Berlinale 2020: 'Jumbo' Cleverly Explores Theme Park Ride Romance

March 3, 2020

Jumbo Review

Doesn't matter if it's man or machine, you can fall in love with anything. And that's okay. Jumbo has one of those crazy weird concepts that either shouldn't work at all, or seemingly fits right in with the rest of The Asylum's ridiculous filmography. But, somehow, it works. Which ultimately is a testament to writer/director Zoé Wittock and her skills as a filmmaker. Jumbo originally premiered at the Sundance Film Festival this year, and also played at the Berlin Film Festival. And it damn well deserves to be in both of the fests because it's a uniquely original, surprisingly serious, and impressive feature about a French woman who falls in love with a theme park ride she calls "Jumbo". It's yet another new fresh twist on the classic 80s coming-of-age romance, with a few cliche moments that end up being fun because it's not any human partner she's chasing.

Both written & directed by Belgian filmmaker Zoé Wittock (making her feature directorial debut after a few short films previously), Jumbo stars actress Noémie Merlant (last seen as one of the leads of Portrait of a Lady on Fire) as a nerdy, shy young woman named Jeanne. She still lives at home with her single mother, Margarette played by Emmanuelle Bercot, who is a loud, overbearing, controlling, man-addicted middle-aged woman that only cares about why her daughter is not dating any guys yet. Jeanne works at the local amusement park in the forest, and when they bring a new twisty, twirly ride to the place, she starts to get curious. Spending her evenings alone with the ride, which she calls "Jumbo", her curiosity turns into full-on romance. But no one else can understand or even comprehend their love, which all too common nowadays.

It's an obvious metaphor for the usual romantic LGBTQ-esque commentary about "let them love whoever they want to love", even if it is a machine! Beat for beat it has all the typical moments, like her mother not understanding how she could love something other than a guy, her forced relationship with the sleazy park manager guy (to appease her mother), and sultry scenes of exploration with someone, or rather something, new. Despite all this obviousness in the concept, Wittock pulls it off just right. It features a nice twist with the mother-daughter relationship being toxic (instead of an expected man being awful), plus the earnestness of everything – the performance, the romance, the reality – makes it an intoxicating film to watch. Jeanne is the new Amelie, but so much geekier. I can't wait for more people to discover and revel in this unique film.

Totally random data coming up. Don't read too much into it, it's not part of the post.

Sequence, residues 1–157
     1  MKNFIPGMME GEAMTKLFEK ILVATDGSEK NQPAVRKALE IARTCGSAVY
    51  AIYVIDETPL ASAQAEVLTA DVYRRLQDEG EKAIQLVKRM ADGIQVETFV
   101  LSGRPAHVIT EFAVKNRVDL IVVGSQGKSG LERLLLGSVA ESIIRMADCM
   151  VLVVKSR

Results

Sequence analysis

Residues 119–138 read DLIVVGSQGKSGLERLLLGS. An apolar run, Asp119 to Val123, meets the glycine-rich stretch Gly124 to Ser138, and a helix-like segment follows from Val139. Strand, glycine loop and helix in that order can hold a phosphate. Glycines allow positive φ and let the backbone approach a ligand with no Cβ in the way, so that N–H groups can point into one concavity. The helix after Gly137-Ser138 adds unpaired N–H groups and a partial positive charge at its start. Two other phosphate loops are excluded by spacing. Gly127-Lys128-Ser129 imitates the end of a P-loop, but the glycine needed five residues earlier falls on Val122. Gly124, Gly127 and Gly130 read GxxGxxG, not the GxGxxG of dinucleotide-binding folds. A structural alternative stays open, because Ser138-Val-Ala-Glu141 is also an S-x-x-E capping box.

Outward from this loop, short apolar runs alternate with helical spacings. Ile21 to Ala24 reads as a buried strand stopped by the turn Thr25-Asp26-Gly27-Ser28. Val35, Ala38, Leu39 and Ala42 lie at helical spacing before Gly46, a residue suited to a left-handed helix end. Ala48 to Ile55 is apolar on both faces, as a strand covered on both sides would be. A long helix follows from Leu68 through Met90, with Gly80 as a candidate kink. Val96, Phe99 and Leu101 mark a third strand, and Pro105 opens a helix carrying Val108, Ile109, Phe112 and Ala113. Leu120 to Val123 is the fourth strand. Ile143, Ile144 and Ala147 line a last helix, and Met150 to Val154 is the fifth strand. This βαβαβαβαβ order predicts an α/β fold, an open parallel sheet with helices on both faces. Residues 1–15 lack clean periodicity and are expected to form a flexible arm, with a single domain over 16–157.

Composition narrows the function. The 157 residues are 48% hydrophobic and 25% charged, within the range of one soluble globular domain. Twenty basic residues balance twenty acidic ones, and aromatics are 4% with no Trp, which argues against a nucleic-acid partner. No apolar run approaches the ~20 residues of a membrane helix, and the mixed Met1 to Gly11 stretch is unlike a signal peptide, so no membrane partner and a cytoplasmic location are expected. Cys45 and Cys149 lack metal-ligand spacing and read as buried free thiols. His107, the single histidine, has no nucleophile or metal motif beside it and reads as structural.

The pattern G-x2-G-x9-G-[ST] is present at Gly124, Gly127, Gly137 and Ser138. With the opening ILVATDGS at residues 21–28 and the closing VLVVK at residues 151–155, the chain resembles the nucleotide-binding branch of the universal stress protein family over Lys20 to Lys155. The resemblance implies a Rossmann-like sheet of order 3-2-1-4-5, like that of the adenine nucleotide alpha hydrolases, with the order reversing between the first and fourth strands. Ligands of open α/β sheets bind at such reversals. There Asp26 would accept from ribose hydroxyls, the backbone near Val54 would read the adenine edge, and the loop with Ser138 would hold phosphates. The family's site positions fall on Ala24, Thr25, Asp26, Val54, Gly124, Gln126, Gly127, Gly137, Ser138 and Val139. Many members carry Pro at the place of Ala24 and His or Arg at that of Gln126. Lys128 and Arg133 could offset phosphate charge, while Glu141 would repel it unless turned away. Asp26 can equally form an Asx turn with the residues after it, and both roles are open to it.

Beyond the metaphorical sexual-discovery story, the film overall is flashy and super spirited and warm and stimulating. The way they make the ride seem sentient, and tender, with glowing lights and movements is genuinely thrilling. At least for a fellow geek like me. Another friend proposed that the ride might even be female, it has that feeling, even though they call it "he" in the film (and technically it has no sex anyway). All the colorful lights and interactive techy stuff with Jumbo won me over, and even though it's super serious, there is an amusing charm expressed through the filmmaking. One particular shot where she is standing below it as the ride runs at full-speed and full intensity is awe-inspiring – you can feel the rush of adrenaline through the screen. And damnit – she can love whatever machine or object she wants. Love is love, after all.

Alex's Berlinale 2020 Rating: 8.5 out of 10
Follow Alex on Twitter - @firstshowing / Or Letterboxd - @firstshowing

Find more posts: Berlinale, Review


No comments posted yet.

New comments are no longer allowed on this post.



Subscribe to our feed or daily newsletter:

Follow Alex's main account on Twitter:

For only the latest posts - follow this:

Add our posts to your Feedlyclick here

Get all the news sent on Telegram Telegram